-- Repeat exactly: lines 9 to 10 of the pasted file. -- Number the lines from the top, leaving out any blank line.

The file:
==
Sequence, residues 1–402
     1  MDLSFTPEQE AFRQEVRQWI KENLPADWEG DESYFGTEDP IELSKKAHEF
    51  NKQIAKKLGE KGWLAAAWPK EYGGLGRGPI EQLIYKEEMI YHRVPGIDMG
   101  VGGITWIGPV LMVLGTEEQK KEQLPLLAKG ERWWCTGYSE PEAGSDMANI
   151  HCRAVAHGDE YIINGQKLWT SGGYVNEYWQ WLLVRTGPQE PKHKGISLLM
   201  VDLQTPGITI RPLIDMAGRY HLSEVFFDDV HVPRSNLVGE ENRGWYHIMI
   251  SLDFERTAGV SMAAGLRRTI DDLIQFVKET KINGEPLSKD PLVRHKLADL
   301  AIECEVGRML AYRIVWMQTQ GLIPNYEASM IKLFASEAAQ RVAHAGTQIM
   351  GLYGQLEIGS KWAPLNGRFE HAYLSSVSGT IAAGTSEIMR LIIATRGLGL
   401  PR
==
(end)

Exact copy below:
   351  GLYGQLEIGS KWAPLNGRFE HAYLSSVSGT IAAGTSEIMR LIIATRGLGL
   401  PR